FDA proposes mammogram changes for first time in 20 years to identify breast cancer early

The U.S. Food and Drug Administration proposed new rules Wednesday that will require mammogram centers to tell women more about how dense breast tissue can affect their health and increase their cancer risk. The proposal aims to identify breast cancer risks earlier, amending regulations under the Mammography Quality Standards Act of 1992. "The new proposed rule on mammography will require, for the first time under federal rules, that women receive information about breast density to better inform their healthcare decisions," FDA Commissioner Scott Gottlieb said in a statement. Read the full article HERE

Eisai, Biogen move Alzheimer’s treatment into Phase III

Eisai and Biogen have announced that a Phase III trial has been initiated for the anti-amyloid beta protofibril antibody BAN2401, for use in patients with early Alzheimer's disease. The news comes just days after the companies stopped two global Phase III trials of its previous Alzheimer's drug, aducanumab, after interim analyses indicated that the agent was ineffective and would not meet the primary endpoint. Read th3 full article HERE

NYU open-sources breast cancer screening model trained on over 200,000 mammography exams

Breast cancer is the second leading cancer-related cause of death among women in the U.S. It’s estimated that in 2015, 232,000 women were diagnosed with the disease and approximately 40,000 died from it. And while diagnostic exams like mammography have come into wide practice — in 2014, over 39 million breast cancer screenings were performed in the U.S. alone — they’re not always reliable. About 10 to 15 percent of women who undergo a mammogram are asked to return following an inconclusive analysis. Read the full article HERE

Is It Alzheimer's Or Another Dementia? The Right Answer Matters

In the U.S., older people with dementia are usually told they have Alzheimer's disease. But a range of other brain diseases can also impair thinking and memory and judgment, according to scientists attending a summit on dementias held Thursday and Friday at the National Institutes of Health. These include strokes, a form of Parkinson's disease and a disease that damages brain areas that regulate emotion and behavior. Read the full article HERE

New Study Says Breast Cancer Is 11 Different Diseases, Allowing Researchers To Predict Relapse

New research published in the journal Nature shows that breast cancer is 11 genetically distinct diseases, and each has a different prognosis and chance of coming back after treatment. “Treatments for breast cancer have improved dramatically in recent years, but unfortunately for some women, their breast cancer returns and spreads, becoming incurable. For some, this can be many years later – but it’s been impossible to accurately predict who is at risk of recurrence and who is all clear," said Carlos Caldas, professor of cancer medicine at the Cancer Research UK Cambridge Institute and leader of the study. Read the full article HERE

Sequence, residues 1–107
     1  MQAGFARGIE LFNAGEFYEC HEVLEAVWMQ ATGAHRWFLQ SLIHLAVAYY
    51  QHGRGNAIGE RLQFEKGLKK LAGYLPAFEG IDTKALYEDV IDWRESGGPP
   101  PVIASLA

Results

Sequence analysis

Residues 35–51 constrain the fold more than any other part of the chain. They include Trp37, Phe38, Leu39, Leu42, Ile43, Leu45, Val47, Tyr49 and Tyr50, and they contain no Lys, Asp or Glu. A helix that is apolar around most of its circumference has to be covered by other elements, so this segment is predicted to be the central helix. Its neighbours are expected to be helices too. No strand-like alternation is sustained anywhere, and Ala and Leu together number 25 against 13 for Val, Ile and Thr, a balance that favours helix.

Eye scan can reveal changes associated with Alzheimer’s disease

Ophthalmologists at Duke University have found that a special type of eye scan can pick up changes indicative of Alzheimer’s disease. Their results were published Monday in the journal Ophthalmology Retina. The eye scan is called optical coherence tomographic angiography, or OCTA for short. Within less than a minute, OCTA takes a non-invasive picture of the retina -- the nerve cells in the back of our eyes that convert light from the outside world into nerve signals that the brain interprets into images. Read the full article HERE

Breast cancer awareness in focus in the UAE

east cancer is the fifth leading cause of death worldwide according to the World Health Organization. The MENA region, and some countries in South Asia, have the highest annual diagnosis rates worldwide, mainly due to population growth and longer life expectancy. reast cancer is the most common non-skin related malignancy in women living in GCC countries, according to reports from the US National Library of Medicine. A 2018 report also identified that Arab patients with breast cancer showed advanced stages of malignancy at the time of diagnosis and at younger ages, compared to women in Western countries. Read the full article HERE

Training Artificial Intelligence to Predict Alzheimer’s Disease

As many as one in five people age 65 or older experience “mild cognitive impairment” — a condition marked by a slight decline in memory, language, or thought. Affected individuals may be prone to forgetting appointments or losing the thread of conversations. They also have a higher-than-average risk of developing the more pronounced cognitive decline of Alzheimer’s disease. Yet for the majority of people, symptoms do not progress. In fact, in some instances, the symptoms can be temporary or reversible. Read the full article HERE

FDA warns against using surgical robots for breast cancer surgery

The FDA warned patients and health care providers Thursday about using robotically assisted surgical devices for mastectomies and other cancer surgeries because of "preliminary" evidence that it may be linked to lower long-term survival. The FDA's official safety communication said that while robotic "surgery may help reduce pain, blood loss, scarring, infection, and recovery time," there is "limited, preliminary evidence" that using the devices for cancers that affect women, specifically breast and cervical cancer, may be associated with diminished long-term survival. Read the full article HERE

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